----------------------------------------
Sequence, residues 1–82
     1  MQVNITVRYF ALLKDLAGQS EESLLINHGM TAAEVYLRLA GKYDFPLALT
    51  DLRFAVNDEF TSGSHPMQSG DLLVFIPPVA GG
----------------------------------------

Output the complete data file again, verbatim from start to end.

Sequence, residues 1–82
     1  MQVNITVRYF ALLKDLAGQS EESLLINHGM TAAEVYLRLA GKYDFPLALT
    51  DLRFAVNDEF TSGSHPMQSG DLLVFIPPVA GG